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Submission + - Cisco pushes new firmware update that records, uploads your browsing history ( 1

Kalewa writes: According to users on Cisco's support forum (, their routers are being automatically upgraded to a new firmware that disallows local administration, requiring instead that they sign up for a "cloud" account. The terms of use for this account specify that "When you use the Service, we may keep track of certain information related to your use of the Service, including but not limited to...Internet history" ( It goes on to say that they "may share aggregated and anonymous user experience information with service providers, contractors or other third parties." People are, understandably, looking for a way to downgrade.

Comment Re:Just because they don't make money doesn't mean (Score 1) 649

That's really not what the article says at all. It says they decided to go with an ad supported model on Android because it pays better than selling the app. Which, as noted, not only proves the "Android users don't like to pay for apps" point, it doesn't mention a comparison to iOS at all. While I'm sure you could probably find an example of an app that has made more from Android than iOS, this isn't it.

Comment To little, too late (Score 1) 154

I was a huge early proponent of Google+, and actively evangelized it to my friends and family. But it's been months now, and they haven't fixed anything that's wrong with the site, the mobile apps are still a mess, and as far as I can tell they never resolved the "real names" thing or even issued an apology. And they've botched virtually every other step of the launch.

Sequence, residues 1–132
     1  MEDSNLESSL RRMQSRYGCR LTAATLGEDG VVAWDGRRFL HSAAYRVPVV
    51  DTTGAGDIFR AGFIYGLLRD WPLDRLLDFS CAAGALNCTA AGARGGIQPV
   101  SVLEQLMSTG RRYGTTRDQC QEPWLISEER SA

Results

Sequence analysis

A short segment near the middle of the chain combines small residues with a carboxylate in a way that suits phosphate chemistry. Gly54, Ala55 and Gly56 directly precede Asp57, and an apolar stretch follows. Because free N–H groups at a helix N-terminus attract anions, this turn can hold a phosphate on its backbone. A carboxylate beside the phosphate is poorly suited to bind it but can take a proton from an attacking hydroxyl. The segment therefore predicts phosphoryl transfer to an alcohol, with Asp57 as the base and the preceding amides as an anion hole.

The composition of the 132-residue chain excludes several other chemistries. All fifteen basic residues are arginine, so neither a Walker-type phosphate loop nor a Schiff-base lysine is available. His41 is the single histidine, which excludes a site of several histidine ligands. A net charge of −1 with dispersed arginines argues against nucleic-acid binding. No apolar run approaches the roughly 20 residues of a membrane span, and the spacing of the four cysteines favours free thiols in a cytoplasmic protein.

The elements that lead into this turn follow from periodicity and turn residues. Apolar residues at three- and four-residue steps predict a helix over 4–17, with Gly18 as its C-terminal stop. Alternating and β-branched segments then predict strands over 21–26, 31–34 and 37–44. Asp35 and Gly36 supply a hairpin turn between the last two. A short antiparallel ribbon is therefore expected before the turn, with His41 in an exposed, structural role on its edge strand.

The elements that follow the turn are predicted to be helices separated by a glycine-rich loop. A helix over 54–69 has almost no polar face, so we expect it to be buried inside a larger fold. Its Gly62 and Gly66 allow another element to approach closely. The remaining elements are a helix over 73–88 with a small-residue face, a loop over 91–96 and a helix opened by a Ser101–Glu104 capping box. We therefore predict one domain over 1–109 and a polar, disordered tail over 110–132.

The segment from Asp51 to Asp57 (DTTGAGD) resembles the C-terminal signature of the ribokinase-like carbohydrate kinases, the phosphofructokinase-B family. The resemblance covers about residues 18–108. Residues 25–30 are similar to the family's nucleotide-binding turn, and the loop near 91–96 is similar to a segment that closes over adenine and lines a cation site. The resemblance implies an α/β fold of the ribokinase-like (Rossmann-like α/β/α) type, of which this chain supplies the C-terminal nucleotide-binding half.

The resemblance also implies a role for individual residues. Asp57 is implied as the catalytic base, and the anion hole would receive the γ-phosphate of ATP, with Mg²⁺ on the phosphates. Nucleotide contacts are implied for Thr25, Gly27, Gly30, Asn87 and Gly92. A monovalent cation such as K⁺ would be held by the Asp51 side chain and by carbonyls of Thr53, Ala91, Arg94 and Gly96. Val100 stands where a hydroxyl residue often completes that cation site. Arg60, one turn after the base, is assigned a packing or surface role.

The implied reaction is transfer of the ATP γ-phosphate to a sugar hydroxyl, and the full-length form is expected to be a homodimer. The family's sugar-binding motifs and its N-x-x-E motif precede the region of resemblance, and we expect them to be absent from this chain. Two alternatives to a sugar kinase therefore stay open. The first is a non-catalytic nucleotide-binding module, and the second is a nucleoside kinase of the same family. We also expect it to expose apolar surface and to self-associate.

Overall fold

At this point, I'm about to give up and reactivate my Facebook account. I just don't think Google is agile enough to run an evolving social networking site.

Comment Re:And crappy at Photoshop too. No suprise here. (Score 1) 182

I agree with you on pretty much every point.

Good Photoshopping is worth at least as much as good photography. Look at any high quality professional photography these days, and a large portion of the quality and look comes from post-processing. The only people who would disagree with that are either delusional about the current state of photography, or desperately clinging to the last vestiges of the analog age. Obviously journalistic photos aren't edited to the degree in the article, but most things not explicitly documentarian in nature are.

It's also true that a lot of analog-age artists have trouble making the switch to Photoshop. It's a completely different skillset that allows people without traditional artistic ability to make art, and challenges traditional artists who have to develop entirely new technical skills. Makes me wonder how many other photographers out there are doing this, but are competent enough at Photoshop to get away with it. I certainly know how to clone things out without leaving telltale clone marks or other amateur mistakes. And I'm not even that good with Photoshop.

I think photographers keep getting away with this because people are gullible, and tend to believe what they see without listening to the quiet, nagging voice in the back of their mind telling them that something looks wrong. I'm a little surprised they caught him by spotting that the Lynx had the wrong season coat. When I looked at the pictures it was glaringly obvious that they were poorly-edited fakes, regardless of their content.